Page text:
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Illinois Heritage

cover photos of Illinois Heritage magazine

Illinois Heritage Magazine

Illinois Heritage, the popular history magazine of the Illinois State Historical Society, was established in 1997 to encourage professional and amateur historians, museum professionals, teachers, genealogists, journalists, and other researchers to explore and write about Prairie State history for a broad audience.

Illinois Heritage is published six times per year and is available as a benefit of membership in the Illinois State Historical Society. Individual editions can also be purchased by contacting our office directly. Visit our Membership section for membership options and information.

Visit our Illinois Heritage Magazine section to see issue summaries and sample articles from recent releases.

Illinois State Historical Society   |   Strawbridge-Shepherd House   |   PO Box 1800   |   Springfield, IL 62705-1800

Journal of the Illinois State Historical Society, Fall/Winter 2021

Journal of the Illinois State Historical Society, Fall/Winter 2021

Journal of the Illinois State Historical Society, Fall/Winter 2021

Volume 114, Numbers 3-4

Editor’s Comments

Guest Editor: Dan Monroe

We have an outstanding double-issue of the Journal of the Illinois State Historical Society. Cate LiaBraaten has written a fascinating treatment on Progressive reformers and how they viewed even minutiae such as the layout of children’s playgrounds as worthy of note. Playgrounds, Progressives believed, should include adult supervision of children’s play, ideally activities that safeguarded them from the perceived social ills rampant in urban areas. The playground movement was of broader reform efforts that touched park and landscape design.

Roger Biles describes the calamitous deindustrialization of East St. Louis, once a thriving manufacturing center located at a railroad junction for multiple routes. The resulting collapse of the tax base rendered the city’s administration unable to cope with looming bankruptcy and in 1990, the state government, under legendary governor James “Big Jim” Thompson, shepherded legislation through the General Assembly that permitted state supervision of city budgets in East St. Louis. Biles details the rationale behind that drastic loss of home rule, including the legislative machinations behind the passage of the enabling legislation, the Illinois Financially Distressed City Act, and he assesses the outcome.

Lisa R. Lindell details the life and career of another Progressive reformer, Helen M. Bennett, who spent the majority of her career in Chicago after a stint as a teacher and school superintendent in Deadwood, South Dakota. Bennett was a passionate advocate of vocational guidance, what we know today as career counseling, for women. She argued that women could embrace many different career paths beyond the standard primary or secondary education teacher, the latter a path Lindell contends had gone stale and restrictive. She found the Woman’s World Fair in the 1920s to showcase the diverse opportunities for and achievements of women.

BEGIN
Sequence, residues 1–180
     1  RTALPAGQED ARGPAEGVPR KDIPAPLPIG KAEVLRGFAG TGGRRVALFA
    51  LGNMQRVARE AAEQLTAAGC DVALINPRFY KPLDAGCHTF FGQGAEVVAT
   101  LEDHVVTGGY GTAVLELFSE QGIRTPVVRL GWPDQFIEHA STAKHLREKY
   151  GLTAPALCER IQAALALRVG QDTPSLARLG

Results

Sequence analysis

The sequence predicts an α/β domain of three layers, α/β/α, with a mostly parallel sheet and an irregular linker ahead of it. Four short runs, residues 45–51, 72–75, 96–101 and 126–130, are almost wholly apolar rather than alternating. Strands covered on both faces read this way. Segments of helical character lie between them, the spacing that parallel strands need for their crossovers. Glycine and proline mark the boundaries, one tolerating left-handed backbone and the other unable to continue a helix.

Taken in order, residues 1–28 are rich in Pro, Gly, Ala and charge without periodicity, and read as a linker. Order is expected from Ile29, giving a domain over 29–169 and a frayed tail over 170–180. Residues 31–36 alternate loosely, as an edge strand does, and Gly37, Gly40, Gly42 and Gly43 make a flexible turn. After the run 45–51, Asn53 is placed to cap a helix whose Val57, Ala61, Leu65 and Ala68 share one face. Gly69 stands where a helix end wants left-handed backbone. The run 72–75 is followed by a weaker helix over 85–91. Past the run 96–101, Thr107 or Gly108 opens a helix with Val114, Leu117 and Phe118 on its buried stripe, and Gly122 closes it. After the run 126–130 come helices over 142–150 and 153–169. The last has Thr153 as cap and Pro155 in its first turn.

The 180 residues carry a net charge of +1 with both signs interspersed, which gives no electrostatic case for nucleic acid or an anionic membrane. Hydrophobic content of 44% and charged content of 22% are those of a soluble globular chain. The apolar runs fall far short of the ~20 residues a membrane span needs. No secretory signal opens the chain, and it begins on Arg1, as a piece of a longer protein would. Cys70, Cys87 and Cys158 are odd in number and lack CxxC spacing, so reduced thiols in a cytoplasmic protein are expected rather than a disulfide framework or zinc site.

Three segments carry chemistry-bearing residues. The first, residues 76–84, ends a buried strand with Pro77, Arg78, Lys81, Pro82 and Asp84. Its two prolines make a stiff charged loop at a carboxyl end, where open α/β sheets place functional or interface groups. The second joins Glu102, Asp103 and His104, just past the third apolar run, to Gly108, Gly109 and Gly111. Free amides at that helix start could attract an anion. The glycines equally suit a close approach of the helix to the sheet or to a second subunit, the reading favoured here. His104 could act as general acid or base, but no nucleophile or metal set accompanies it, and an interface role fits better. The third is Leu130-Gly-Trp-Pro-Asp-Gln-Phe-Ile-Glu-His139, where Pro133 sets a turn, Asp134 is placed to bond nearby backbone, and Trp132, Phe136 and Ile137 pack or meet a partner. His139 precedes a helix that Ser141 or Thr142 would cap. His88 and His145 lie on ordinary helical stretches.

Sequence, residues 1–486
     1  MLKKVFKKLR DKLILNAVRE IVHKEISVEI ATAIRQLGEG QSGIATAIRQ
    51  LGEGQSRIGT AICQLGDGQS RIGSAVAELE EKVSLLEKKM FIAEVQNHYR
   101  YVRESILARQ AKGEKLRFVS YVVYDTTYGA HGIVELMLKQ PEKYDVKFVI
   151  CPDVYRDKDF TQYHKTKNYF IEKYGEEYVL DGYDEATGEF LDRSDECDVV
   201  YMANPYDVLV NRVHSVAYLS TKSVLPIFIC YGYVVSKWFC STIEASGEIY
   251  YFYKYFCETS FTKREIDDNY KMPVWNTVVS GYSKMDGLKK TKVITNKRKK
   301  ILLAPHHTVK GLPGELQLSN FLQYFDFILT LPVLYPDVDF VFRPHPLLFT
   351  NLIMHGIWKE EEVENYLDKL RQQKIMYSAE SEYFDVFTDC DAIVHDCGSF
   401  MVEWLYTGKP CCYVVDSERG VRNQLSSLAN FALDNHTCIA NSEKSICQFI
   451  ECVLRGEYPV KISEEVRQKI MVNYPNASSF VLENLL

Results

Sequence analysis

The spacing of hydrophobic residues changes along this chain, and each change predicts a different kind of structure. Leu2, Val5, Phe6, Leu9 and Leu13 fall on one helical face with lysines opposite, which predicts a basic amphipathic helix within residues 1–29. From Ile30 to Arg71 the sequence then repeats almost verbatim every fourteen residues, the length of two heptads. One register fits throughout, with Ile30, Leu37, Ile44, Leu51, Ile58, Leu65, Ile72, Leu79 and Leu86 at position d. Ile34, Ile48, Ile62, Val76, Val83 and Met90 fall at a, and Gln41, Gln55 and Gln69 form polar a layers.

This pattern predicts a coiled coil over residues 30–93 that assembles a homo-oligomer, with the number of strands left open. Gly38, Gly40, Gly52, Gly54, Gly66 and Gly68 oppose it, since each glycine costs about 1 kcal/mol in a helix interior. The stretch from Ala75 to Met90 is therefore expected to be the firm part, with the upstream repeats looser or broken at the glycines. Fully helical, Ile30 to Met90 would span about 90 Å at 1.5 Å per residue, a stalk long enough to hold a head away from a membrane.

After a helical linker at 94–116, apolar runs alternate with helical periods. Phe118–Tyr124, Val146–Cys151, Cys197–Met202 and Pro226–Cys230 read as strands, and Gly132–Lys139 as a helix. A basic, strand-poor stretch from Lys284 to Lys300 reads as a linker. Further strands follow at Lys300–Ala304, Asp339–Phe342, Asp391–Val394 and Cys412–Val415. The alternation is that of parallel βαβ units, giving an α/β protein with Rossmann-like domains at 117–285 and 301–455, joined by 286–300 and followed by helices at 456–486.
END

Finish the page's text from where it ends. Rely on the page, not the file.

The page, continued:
Glenna R. Schroeder-Lein gives us the quixotic 1884 congressional run of Taylorville Republican attorney James M. Taylor. A native of Scotland, Taylor arrived in Illinois a mere seven years before the outbreak of hostilities between North and South and served honorably in the war, losing an arm to a musket ball in Georgia. He subsequently earned a law license and set up practice in Taylorville, becoming a staunch Republican, but his congressional contest in 1884 faced a formidable foe in longtime Democratic incumbent, William M. Springer. Schroeder-Lein deftly recreates the race and the historical context of 1884 politics.

Finally, Patrick T. Reardon rescues the much-maligned Charles Yerkes, a hated financial baron, and salutes him for his devotion to the elevated train in Chicago and to the tube system in London.

Many thanks to the outstanding historians who are featured in this issue and to Bob Sampson whose assistance with the project was immeasurable helpful.


Slide Rules: Adults and Children on Chicago Playgrounds
Cate Liabraaten

Deindustrialization and the State Bailout of East S James M. Taylor Runs for Congress in 1884
Glenna R. Schroeder-Lein

Rediscovering the Art of the Much-Demonized Chicago Wheeler-Dealer Charles Tyson Yerkes
Patrick T. Reardon

Review Essays

A City on the Move. . .or on the Make? Personal Reflections on Recent Scholarship on Chicago History
Timothy Dean Draper

The Joseph Smith Papers: Documents, Volumes 7–11: September 1839–February 1843
Aaron Lisec

Book Reviews

The Making of the Midwest: Essays on the Formation of Midwestern Identity, 1787–1900
Edited by Jon K. Lauck
Reviewed by John E. Hallwas

Exploring the Land of Lincoln: The Essential Guide to Illinois Historic Sites
By Charles Titus
Reviewed by Mark W. Sorensen

The Tyranny of Public Discourse: Abraham Lincoln’s Six-Element Antidote for Meaningful and Persuasive Writing
By David Hirsch and Dan Van Haften
Reviewed by Teri Fuller

Lincoln in the Illinois Legislature
By Ron J. Keller
Reviewed by Robert McColley

Abraham Lincoln: A Western Legacy
By Richard W. Etulain
Reviewed by Reg Ankrom

The Chisholm Trail: Joseph McCoy’s Great Gamble
By James E. Sherow
Reviewed by Todd Carr

Sun Ra’s Chicago: Afrofuturism and the City
By William Sites
Reviewed by Nicholas Miguel

The American Midwest in Film and Literature: Nostalgia, Violence, and Regionalism
By Adam R. Ochonicky
Reviewed by Mark B Pohlad

Technology and the Historian: Transformations in the Digital Age
By Adam Crymble
Reviewed by Michele N. Hunt


Chicago’s Mark White Square playground. Note that all the children in this photograph are girls.
Chicago Public Library, Chicago Park District Archives, Photograph 080_0012.


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